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Dispensary District Zoning in California Severely Restricted

Dispensary District Zoning in California Severely Restricted

Posted by Marijuana Doctors on 10/04/2013 in Medical Marijuana Laws

Picture, for a moment, your hometown and nearby cities stripped entirely of their corner stores, local pharmacies, drug stores, what have you. Now, imagine if you can, being sick and unable to provide your own transportation. If you’re lucky enough to not have to rely on these services to stay in day-to-day good health, you may never have to live with this nightmare turned reality. If you are one of the 2.2 million and growing medical marijuana patients in the nation, this scenario is nothing more than a daily struggle.

In a recently released mapping study conducted by the San Diego County Association of Governments, obtained by CityBeat, three city council districts are effectively prohibiting medical cannabis dispensaries, while ensuring that less than ten dispensaries be allowed in each one of five other districts.. An estimated half of 62 potential dispensary locations throughout the city would be designated to the U.S.-Mexico border situated in Otay Mesa.

Eugene Davidovich, chapter president of Americans for Safe Access San Diego said, “There is no reason why folks that are sick, dying in many cases, should be forced to travel long distances, somewhere outside their neighborhood, somewhere to the far-flung industrial areas of the city to get their medicine.” Of the treatment, Davidovich said, “It’s not appropriate. It’s not how patients should be treated in this city.”

The inadequately represented, marginalized and misunderstood yet growing population of medical marijuana patients has, since its first medical recognition, been steadily road blocked. In fact, if there is anything these citizens can count on for certain, it is the consistent inconsistency of the medical marijuana program at large. Having the federal government at odds with state legislation has made safe and convenient medical marijuana access virtually unattainable.

The actualization of 62 storefront locations has an incredibly low likelihood of opening up. The study only took zoning restrictions outlined by a draft ordinance into account. The available storefronts for rent along with any number of other drastically limiting factors have not been considered. And of course, even in the rare case that upwards of 60 dispensaries gained the necessary approval to open up shop, the looming threat of federal law enforcement raids always lingers.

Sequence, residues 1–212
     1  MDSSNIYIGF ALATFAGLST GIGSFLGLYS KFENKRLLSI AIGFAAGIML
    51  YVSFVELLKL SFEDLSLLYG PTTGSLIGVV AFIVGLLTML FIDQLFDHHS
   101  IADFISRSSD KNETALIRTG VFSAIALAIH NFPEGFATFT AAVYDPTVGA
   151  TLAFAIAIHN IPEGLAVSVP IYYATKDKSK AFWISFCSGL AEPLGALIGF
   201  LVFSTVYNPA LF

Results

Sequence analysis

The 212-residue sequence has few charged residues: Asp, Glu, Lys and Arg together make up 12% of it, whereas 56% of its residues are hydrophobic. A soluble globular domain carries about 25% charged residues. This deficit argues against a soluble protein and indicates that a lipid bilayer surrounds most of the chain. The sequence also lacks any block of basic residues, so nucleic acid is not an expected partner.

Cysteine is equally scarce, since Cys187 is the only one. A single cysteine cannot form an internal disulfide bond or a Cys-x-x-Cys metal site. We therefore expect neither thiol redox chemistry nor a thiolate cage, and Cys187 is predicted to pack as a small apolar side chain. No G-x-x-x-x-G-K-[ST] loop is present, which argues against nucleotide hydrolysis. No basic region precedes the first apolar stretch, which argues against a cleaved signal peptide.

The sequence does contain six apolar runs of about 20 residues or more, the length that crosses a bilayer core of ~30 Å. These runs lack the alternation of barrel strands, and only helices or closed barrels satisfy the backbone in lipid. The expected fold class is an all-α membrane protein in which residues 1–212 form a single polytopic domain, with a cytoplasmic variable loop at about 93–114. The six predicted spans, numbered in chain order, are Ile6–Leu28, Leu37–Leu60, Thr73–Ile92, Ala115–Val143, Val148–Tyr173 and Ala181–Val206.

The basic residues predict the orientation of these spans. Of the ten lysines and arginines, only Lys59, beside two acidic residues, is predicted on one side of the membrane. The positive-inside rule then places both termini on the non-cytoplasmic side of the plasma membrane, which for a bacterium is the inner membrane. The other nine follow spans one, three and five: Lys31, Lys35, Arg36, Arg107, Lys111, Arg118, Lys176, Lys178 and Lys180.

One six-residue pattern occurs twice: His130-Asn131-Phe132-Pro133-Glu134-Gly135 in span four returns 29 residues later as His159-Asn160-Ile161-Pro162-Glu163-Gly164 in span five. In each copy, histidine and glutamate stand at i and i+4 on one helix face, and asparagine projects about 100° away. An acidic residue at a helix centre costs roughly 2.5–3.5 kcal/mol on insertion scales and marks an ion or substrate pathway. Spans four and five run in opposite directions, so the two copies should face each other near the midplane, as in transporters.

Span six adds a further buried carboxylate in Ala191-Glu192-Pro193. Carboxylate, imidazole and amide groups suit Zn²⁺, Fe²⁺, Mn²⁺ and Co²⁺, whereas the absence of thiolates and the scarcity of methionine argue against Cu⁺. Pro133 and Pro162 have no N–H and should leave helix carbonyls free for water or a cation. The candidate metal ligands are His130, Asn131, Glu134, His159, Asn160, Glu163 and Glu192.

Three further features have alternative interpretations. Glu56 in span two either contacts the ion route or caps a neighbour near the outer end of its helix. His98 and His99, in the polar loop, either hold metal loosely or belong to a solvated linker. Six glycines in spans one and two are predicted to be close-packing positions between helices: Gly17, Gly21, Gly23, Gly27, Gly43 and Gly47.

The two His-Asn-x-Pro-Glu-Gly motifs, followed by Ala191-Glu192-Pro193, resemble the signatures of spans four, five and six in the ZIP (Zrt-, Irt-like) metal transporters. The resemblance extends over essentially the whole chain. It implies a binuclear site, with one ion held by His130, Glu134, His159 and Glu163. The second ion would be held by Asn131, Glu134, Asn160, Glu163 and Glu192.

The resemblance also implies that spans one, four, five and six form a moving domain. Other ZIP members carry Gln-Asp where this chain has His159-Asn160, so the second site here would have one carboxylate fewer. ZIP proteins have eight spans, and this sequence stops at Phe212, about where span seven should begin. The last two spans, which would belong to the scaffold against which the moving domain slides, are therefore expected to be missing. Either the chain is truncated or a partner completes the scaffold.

In an email, Todd Gloria, a spokesperson for Council President and interim mayor wrote, “Our city staff has not yet determined the authenticity of the information provided in the maps created by SANDAG (San Diego Association of Governments).” A representative for Disctrict 3, a location banning dispensaries, Gloria declined an interview regarding the district zoning. And though other members of the council suggested an open willingness to discuss the issue at large, none returned phone calls.

Councilman Marti Emerald proposed alternates to greater restrict the ordinance, including a greater buffer zone between “sensitive locations,” such as playgrounds, schools and childcare facilities. “My constituents are very much against having these storefronts because there are so many kids in the community, and we are struggling with drug and alcohol abuse, gangs, all kinds of crime, and we want to protect our kids,” said Emerald at a meeting.

However, Councilman David Alvarez from District 8 shared his desire to evenly disperse dispensary storefronts throughout the entire city. “Remember,” Alvarez said, “we’re trying to provide access to everybody, and people who are living with a need for access to medical marijuana are throughout the city. So, there is no reason for one neighborhood to be concentrated with these facilities.”

47-year-old Hillcrest native and AIDS patient, “Rick,” recalls a time just a few years ago when the city forced dispensaries to shut down and suddenly his access to medicine became completely restricted. Rick was forced to obtain his medicine via the black market, which he felt greatly endangered him. He far preferred illegally obtaining his marijuana to using heavy narcotics to cope with his AIDS-related liver disease pain. “I don’t want to be on a daily dose of Oxycontin, plus Percocet every four to six hours. You can’t live like that. There’s no coming back from that. That’s the despair. Oxy is horrible.”

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